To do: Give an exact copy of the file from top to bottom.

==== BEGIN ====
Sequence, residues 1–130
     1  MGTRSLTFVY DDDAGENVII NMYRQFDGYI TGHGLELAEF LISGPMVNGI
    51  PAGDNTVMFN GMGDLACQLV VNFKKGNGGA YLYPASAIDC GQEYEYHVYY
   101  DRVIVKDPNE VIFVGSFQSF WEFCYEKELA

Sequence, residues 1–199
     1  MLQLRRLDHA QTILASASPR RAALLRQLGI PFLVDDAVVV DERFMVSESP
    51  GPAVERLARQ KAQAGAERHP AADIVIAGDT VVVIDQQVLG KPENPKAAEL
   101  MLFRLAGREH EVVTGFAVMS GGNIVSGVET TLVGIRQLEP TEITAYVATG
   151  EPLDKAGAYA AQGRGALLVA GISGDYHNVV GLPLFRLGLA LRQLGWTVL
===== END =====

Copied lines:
Sequence, residues 1–130
     1  MGTRSLTFVY DDDAGENVII NMYRQFDGYI TGHGLELAEF LISGPMVNGI
    51  PAGDNTVMFN GMGDLACQLV VNFKKGNGGA YLYPASAIDC GQEYEYHVYY
   101  DRVIVKDPNE VIFVGSFQSF WEFCYEKELA

Sequence, residues 1–199
     1  MLQLRRLDHA QTILASASPR RAALLRQLGI PFLVDDAVVV DERFMVSESP
    51  GPAVERLARQ KAQAGAERHP AADIVIAGDT VVVIDQQVLG KPENPKAAEL
   101  MLFRLAGREH EVVTGFAVMS GGNIVSGVET TLVGIRQLEP TEITAYVATG
   151  EPLDKAGAYA AQGRGALLVA GISGDYHNVV GLPLFRLGLA LRQLGWTVL